4sedr42021_0802a.jpgFigure 8.2 Illustrating the application of negative feedback to improve the signal-to-noise ratio in amplifiers.
5sedr42021_0803.jpgFigure 8.3 Illustrating the application of negative feedback to reduce the nonlinear distortion in amplifiers. Curve (a) shows the amplifier transfer characteristic without feedback. Curve (b) shows the characteristic with negative feedback (b = 0.01) applied.
7sedr42021_0805.jpgFigure 8.5 A transistor amplifier with shunt–series feedback. (Biasing not shown.)
8sedr42021_0806.jpgFigure 8.6 An example of the series–series feedback topology. (Biasing not shown.)
9sedr42021_0807a.jpgFigure 8.7 (a) The inverting op-amp configuration redrawn as (b) an example of shunt–shunt feedback.
10sedr42021_0808a.jpgFigure 8.8 The series–shunt feedback amplifier: (a) ideal structure and (b) equivalent circuit.
11sedr42021_0809.jpgFigure 8.9 Measuring the output resistance of the feedback amplifier of Fig. 8.8(a): Rof : Vt/I.
12sedr42021_0810a.jpgFigure Derivation of the A circuit and b circuit for the series–shunt feedback amplifier. (a) Block diagram of a practical series–shunt feedback amplifier. (b) The circuit in (a) with the feedback network represented by its h parameters.
13sedr42021_0810c.jpgFigure (Continued) (c) The circuit in (b) with h21 neglected.
14sedr42021_0811ab.jpgFigure Summary of the rules for finding the A circuit and b for the voltage-mixing voltage-sampling case of Fig. 8.10(a).
15sedr42021_0812a.jpgFigure Circuits for Example 8.1.
18sedr42021_0813a.jpgFigure The series–series feedback amplifier: (a) ideal structure and (b) equivalent circuit.
19sedr42021_0814.jpgFigure Measuring the output resistance Rof of the series–series feedback amplifier.
20sedr42021_0815a.jpgFigure Derivation of the A circuit and the b circuit for series–series feedback amplifiers. (a) A series–series feedback amplifier. (b) The circuit of (a) with the feedback network represented by its z parameters.
21sedr42021_0815c.jpgFigure (Continued) (c) A redrawing of the circuit in (b) with z21 neglected.
22sedr42021_0816ab.jpgFigure Finding the A circuit and b for the voltage-mixing current-sampling (series–series) case.
23sedr42021_0817a.jpgFigure Circuits for Example 8.2.
38sedr42021_0826a.jpgFigure A conceptual feedback loop is broken at XX¢ and a test voltage Vt is applied. The impedance Zt is equal to that previously seen looking to the left of XX¢. The loop gain Ab = –Vr/Vt, where Vr is the returned voltage. As an alternative, Ab can be determined by finding the open-circuit transfer function Toc, as in (c), and the short-circuit transfer function Tsc, as in (d), and combining them as indicated.
39sedr42021_0827a.jpgFigure The loop gain of the feedback loop in (a) is determined in (b) and (c).
40sedr42021_0828.jpgFigure The Nyquist plot of an unstable amplifier.
41sedr42021_0829a.jpgFigure Relationship between pole location and transient response.
42sedr42021_0830a.jpgFigure Effect of feedback on (a) the pole location and (b) the frequency response of an amplifier having a single-pole open-loop response.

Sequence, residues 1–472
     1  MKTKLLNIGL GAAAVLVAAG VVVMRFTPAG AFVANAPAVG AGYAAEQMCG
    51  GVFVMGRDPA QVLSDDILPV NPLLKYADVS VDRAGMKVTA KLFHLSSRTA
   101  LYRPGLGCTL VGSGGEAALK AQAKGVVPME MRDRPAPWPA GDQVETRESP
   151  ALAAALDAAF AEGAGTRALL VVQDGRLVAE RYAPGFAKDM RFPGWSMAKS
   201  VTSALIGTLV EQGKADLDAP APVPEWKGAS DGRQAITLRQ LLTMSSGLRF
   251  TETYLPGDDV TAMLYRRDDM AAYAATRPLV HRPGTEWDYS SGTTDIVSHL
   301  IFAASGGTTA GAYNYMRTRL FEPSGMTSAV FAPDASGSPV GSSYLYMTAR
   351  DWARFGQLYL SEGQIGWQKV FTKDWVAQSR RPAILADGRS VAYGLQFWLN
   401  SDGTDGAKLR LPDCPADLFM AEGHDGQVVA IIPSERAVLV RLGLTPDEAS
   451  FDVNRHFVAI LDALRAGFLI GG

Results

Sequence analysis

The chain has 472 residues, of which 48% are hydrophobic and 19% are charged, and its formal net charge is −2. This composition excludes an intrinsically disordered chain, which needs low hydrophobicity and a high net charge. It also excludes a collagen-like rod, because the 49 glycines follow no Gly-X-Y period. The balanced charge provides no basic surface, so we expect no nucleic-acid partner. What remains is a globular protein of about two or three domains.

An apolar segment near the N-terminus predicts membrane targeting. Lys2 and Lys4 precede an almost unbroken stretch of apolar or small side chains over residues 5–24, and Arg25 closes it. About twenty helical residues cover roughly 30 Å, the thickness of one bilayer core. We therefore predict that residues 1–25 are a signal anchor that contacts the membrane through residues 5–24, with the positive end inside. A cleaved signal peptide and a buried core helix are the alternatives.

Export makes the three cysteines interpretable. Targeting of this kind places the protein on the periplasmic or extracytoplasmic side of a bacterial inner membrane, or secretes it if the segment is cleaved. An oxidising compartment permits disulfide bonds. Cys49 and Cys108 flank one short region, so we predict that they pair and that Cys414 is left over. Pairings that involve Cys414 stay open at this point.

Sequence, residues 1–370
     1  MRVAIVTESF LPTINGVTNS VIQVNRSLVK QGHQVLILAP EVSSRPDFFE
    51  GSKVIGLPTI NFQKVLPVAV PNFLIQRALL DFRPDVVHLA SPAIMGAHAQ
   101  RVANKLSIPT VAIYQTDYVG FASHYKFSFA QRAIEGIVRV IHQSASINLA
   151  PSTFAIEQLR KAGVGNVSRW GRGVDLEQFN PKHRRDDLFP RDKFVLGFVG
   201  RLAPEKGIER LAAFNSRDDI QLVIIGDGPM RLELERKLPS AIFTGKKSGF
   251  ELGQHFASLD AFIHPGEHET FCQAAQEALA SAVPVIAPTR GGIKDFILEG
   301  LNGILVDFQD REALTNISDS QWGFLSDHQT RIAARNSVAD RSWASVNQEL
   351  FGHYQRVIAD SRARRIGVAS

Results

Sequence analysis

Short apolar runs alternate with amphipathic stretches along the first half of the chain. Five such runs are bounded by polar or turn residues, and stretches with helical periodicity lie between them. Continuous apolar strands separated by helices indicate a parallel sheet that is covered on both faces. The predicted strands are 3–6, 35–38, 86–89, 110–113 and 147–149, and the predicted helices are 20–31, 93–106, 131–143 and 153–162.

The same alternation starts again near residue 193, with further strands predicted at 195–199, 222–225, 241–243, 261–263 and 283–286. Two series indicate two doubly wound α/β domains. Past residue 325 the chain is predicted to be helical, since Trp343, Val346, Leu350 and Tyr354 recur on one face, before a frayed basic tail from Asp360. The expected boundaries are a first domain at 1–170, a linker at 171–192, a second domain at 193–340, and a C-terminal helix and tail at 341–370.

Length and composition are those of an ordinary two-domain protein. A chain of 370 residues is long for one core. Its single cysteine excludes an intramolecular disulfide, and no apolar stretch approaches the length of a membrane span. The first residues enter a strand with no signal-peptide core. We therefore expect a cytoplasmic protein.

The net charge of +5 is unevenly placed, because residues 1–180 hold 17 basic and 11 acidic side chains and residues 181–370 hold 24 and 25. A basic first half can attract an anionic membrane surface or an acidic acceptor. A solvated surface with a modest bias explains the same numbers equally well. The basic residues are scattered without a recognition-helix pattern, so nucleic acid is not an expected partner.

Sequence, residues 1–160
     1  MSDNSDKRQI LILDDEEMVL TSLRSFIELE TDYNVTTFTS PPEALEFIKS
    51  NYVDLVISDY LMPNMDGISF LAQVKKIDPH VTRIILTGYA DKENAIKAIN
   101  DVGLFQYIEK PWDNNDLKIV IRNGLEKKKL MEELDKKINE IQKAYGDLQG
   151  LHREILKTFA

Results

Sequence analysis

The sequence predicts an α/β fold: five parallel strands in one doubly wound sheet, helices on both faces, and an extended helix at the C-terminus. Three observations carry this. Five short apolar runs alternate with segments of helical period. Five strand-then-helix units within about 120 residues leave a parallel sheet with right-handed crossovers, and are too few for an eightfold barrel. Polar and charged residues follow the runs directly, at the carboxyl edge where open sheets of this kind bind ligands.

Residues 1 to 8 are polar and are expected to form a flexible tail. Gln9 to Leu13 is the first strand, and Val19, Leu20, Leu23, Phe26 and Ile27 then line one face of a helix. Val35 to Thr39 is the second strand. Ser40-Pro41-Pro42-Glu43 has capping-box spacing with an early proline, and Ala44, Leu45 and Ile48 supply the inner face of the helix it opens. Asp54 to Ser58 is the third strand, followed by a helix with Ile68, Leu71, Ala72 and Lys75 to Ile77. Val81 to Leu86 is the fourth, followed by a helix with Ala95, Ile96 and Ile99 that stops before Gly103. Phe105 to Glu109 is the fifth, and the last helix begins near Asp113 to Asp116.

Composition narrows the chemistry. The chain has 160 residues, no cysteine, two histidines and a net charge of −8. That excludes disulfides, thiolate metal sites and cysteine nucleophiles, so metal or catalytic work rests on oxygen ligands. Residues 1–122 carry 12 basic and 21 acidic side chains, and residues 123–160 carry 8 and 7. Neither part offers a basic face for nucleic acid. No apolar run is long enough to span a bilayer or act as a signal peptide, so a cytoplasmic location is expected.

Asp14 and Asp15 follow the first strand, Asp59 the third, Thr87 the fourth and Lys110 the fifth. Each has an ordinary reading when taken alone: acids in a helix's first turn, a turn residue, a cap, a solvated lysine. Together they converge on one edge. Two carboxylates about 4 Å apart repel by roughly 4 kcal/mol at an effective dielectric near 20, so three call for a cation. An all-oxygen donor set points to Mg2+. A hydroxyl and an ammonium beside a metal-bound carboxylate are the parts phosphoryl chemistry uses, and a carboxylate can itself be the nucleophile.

43sedr42021_0831.jpgFigure Root-locus diagram for a feedback amplifier whose open-loop transfer function has two real poles.
44sedr42021_0832.jpgFigure Definition of w0 and Q of a pair of complex-conjugate poles.
45sedr42021_0833.jpgFigure Normalized gain of a two-pole feedback amplifier for various values of Q. Note that Q is determined by the loop gain according to Eq. (8.65).
46sedr42021_0834a.jpgFigure Circuits and plot for Example 8.5.
47sedr42021_0835.jpgFigure Root-locus diagram for an amplifier with three poles. The arrows indicate the pole movement as A0b is increased.
49sedr42021_0836.jpgFigure Bode plot for the loop gain Ab illustrating the definitions of the gain and phase margins.
50sedr42021_0837.jpgFigure Stability analysis using Bode plot of |A|.
51sedr42021_0838.jpgFigure Frequency compensation for b = The response labeled A¢ is obtained by introducing an additional pole at fD. The A² response is obtained by moving the original low-frequency pole to f ¢D.
52sedr42021_0839a.jpgFigure (a) Two cascaded gain stages of a multistage amplifier. (b) Equivalent circuit for the interface between the two stages in (a). (c) Same circuit as in (b) but with a compensating capacitor CC added. Note that the analysis here applies equally well to MOS amplifiers.
53sedr42021_0840a.jpgFigure (a) A gain stage in a multistage amplifier with a compensating capacitor connected in the feedback path and (b) an equivalent circuit. Note that although a BJT is shown, the analysis applies equally well to the MOSFET case.
54sedr42021_0841.jpgFigure Circuit of the shunt–series feedback amplifier in Example 8.4.
55sedr42021_0842a.jpgFigure Circuits for simulating (a) the open-circuit voltage transfer function Toc and (b) the short-circuit current transfer function Tsc of the feedback amplifier in Fig for the purpose of computing its loop gain.
56Figure Circuit for simulating the loop gain of the feedback amplifier circuit in Fig using the replica-circuit method.
57sedr42021_0844.jpgFigure (a) Magnitude and (b) phase of the loop gain Ab of the feedback amplifier circuit in Fig